# Transformers and voltage

1. Oct 8, 2008

### spidey

so in transformer if we step up voltage,current is reduced and if we step down, current is increased based on p=vi...but based on ohm's law v=ir..so we step up,current should be increasing and and if we step down, current is decreasing right ..which formula is correct?

2. Oct 9, 2008

### Averagesupernova

They are both correct. You are simply applying one of them wrong.

3. Oct 9, 2008

### Staff: Mentor

The open-circuit output voltage of a transformer depends on the turns ratio and the source voltage amplitude. The output current is zero in the open-circuit case.

Once you add a load resistance to the secondary of the transformer, then things change. You need to account for the source impedance and the current in the load resistance, before you can say what the current is. If the transformer were lossless, and the source impedance negligible, then yes, the secondary current is Np/Ns multiplied by the primary current (since there is no power loss in the ideal transformer). But when there are transformer losses, and when the source impedance of the driving voltage source is not negligible, then the output current is less than the ideal value.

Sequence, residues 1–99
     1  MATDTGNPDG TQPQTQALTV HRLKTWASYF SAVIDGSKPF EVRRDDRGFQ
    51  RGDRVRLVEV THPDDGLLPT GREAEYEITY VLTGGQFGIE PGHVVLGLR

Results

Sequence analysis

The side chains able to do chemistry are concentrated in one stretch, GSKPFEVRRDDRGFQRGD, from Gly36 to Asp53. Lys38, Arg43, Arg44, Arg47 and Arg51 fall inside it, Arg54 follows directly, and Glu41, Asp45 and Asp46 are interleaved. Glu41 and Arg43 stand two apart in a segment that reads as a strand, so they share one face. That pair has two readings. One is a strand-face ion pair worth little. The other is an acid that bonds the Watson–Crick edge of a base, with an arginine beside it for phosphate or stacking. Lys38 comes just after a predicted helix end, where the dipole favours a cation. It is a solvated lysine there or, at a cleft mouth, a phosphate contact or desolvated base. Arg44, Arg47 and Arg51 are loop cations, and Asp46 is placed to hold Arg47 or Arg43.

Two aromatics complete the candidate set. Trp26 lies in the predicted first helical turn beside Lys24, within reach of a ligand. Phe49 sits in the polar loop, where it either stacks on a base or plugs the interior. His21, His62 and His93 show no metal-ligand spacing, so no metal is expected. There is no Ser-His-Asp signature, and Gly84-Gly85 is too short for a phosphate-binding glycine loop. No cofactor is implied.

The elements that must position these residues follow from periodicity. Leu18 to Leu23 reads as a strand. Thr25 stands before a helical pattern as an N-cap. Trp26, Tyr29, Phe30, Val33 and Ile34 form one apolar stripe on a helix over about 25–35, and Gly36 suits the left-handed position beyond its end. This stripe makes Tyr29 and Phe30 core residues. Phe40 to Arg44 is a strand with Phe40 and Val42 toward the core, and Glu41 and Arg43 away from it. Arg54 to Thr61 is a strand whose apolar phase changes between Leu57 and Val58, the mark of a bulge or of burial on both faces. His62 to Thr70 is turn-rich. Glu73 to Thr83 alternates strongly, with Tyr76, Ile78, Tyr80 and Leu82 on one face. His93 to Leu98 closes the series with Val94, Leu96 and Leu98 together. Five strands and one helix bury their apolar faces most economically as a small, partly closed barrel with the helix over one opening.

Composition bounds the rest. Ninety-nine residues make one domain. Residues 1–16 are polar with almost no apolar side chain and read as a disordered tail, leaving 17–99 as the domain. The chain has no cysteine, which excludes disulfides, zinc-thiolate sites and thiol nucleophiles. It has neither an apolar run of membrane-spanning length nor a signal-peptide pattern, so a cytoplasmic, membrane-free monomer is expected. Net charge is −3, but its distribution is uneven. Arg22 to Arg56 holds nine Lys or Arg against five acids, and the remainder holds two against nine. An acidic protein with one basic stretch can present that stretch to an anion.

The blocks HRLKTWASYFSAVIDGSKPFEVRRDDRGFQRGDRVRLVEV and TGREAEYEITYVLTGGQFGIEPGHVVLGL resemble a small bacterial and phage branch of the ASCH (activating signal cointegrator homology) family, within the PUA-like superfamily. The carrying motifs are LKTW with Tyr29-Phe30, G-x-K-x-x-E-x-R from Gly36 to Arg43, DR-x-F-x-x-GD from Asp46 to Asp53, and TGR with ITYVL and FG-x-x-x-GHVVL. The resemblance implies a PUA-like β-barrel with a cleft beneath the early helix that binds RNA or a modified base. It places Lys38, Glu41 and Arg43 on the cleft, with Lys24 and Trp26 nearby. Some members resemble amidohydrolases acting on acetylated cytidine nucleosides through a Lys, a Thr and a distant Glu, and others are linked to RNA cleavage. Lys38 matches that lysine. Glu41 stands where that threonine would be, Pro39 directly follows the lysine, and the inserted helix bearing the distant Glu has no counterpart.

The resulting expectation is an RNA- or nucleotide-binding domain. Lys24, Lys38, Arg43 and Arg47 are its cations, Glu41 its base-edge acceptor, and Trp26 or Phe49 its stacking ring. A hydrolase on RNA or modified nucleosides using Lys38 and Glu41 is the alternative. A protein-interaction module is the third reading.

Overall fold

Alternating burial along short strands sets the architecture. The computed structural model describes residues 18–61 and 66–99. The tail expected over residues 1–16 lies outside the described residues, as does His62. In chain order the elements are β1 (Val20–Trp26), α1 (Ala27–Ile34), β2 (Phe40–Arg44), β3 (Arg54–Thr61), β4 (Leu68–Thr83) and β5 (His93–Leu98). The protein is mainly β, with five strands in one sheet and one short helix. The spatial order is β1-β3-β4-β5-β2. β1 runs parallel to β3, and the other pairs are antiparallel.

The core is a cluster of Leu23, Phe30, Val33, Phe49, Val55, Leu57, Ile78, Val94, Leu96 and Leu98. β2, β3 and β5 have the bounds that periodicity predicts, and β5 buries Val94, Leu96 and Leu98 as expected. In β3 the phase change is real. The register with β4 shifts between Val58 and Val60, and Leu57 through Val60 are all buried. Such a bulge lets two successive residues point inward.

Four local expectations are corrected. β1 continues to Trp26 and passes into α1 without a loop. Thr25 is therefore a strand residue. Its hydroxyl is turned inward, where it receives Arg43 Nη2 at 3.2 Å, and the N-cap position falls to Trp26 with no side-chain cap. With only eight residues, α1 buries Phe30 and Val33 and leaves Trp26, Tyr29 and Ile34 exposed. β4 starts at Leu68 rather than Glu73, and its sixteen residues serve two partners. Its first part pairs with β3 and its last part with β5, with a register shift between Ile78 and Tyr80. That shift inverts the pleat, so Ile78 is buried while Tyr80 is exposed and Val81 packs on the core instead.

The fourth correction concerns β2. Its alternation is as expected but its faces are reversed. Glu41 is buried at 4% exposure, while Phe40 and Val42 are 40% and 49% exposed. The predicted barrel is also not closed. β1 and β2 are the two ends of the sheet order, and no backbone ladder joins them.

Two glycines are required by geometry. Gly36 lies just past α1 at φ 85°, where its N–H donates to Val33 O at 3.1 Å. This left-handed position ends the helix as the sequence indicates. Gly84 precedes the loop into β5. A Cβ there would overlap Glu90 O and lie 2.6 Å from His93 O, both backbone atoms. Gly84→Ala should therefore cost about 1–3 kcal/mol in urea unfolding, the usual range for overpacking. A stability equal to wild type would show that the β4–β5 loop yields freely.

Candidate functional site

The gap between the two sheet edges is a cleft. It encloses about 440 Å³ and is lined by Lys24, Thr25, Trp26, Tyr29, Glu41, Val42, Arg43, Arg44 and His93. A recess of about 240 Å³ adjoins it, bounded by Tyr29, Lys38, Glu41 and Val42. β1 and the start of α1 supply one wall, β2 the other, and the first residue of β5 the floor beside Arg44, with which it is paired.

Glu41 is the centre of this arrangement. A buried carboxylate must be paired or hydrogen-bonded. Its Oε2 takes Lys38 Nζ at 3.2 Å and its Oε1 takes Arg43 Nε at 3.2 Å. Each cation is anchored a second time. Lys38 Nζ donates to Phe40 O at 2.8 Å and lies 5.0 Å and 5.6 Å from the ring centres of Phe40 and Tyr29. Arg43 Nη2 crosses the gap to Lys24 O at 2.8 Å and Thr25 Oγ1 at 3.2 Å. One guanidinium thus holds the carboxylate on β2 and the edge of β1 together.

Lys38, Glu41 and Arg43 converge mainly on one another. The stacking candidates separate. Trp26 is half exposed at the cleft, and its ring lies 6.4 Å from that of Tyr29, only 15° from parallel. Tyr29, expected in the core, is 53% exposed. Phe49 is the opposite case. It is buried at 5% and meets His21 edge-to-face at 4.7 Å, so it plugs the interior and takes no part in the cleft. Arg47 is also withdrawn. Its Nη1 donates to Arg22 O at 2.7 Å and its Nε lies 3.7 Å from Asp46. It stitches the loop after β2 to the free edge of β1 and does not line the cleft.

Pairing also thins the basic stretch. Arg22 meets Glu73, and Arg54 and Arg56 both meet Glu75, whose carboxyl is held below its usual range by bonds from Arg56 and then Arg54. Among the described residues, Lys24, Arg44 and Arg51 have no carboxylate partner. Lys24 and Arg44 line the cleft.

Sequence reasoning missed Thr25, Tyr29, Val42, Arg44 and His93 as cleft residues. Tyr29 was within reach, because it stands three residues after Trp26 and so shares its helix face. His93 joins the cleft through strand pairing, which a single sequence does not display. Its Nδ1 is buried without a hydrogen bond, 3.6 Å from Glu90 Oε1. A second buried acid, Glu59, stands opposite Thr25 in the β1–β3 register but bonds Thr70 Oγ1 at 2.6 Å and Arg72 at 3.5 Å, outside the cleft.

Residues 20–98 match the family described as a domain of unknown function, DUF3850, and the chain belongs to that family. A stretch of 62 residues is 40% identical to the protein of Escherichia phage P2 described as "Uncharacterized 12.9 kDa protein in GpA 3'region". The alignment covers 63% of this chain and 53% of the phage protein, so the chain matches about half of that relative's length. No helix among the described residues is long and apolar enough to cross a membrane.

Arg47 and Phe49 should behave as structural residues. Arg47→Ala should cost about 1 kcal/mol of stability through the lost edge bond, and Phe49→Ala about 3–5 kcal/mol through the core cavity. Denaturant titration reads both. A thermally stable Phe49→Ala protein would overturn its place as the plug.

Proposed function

V=IR will always hold for the secondary side, but the voltage that you are getting will be pulled down from the source's open-circuit voltage level, due to the drop across the source impedance and due to transformer losses (like voltage drop across the winding resistances).

Does that help?

http://en.wikipedia.org/wiki/Transformer

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4. Oct 10, 2008

### spidey

Thanks for the info...